Possible role of nitric oxide in 5-hydroxytryptamine-induced increase in vascular permeability in mouse skin
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- Fujii, E., Irie, K., Uchida, Y. et al. Naunyn-Schmiedeberg's Arch Pharmacol (1994) 350: 361. doi:10.1007/BF00178952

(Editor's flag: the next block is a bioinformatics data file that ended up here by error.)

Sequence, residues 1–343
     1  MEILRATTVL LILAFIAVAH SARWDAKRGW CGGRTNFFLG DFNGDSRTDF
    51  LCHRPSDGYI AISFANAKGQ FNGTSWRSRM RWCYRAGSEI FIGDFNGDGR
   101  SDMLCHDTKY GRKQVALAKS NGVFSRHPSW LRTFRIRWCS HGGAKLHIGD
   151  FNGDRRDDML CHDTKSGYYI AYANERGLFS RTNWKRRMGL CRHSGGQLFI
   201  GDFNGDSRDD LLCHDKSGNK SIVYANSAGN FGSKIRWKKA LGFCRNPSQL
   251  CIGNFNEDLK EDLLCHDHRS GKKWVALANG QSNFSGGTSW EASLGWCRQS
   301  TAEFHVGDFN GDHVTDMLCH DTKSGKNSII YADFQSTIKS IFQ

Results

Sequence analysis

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In order to test the hypothesis that a 5-hydroxytryptamine (5-HT)-induced increase in vascular permeability results from a cascade triggered by activation of the synthesis of nitric oxide (NO), the vascular permeability was investigated using the Pontamine sky blue leakage method in male mice. Subcutaneous injection of 5-HT induced a dose-related increase of vascular permeability at the injection site. The vascular permeability induced by 5-HT was inhibited by pretreatment with intraperitoneal injection of ketanserin (5-HT2A antagonist) and methysergide (5-HT1/2A antagonist), less efficiently by 1-(2-methoxyphenyl)-4-[4-(2-phthalimido)butyl] piperazine (NAN-190) (5-HT1A antagonist), but not by granisetron (5-HT3 antagonist). Increase in vascular permeability induced by 5-HT was inhibited by concurrent intravenous administration of NO synthase inhibitors NG-nitro-Lrarginine methyl ester (L-NAME) and methylene blue but not by the inactive enantiomer NG-nitro-D-arginine methyl ester (D-NAME). These results suggest that 5-HT increases vascular permeability by activating the 5-HT receptors and that endogenous NO is involved in this effect of 5-HT.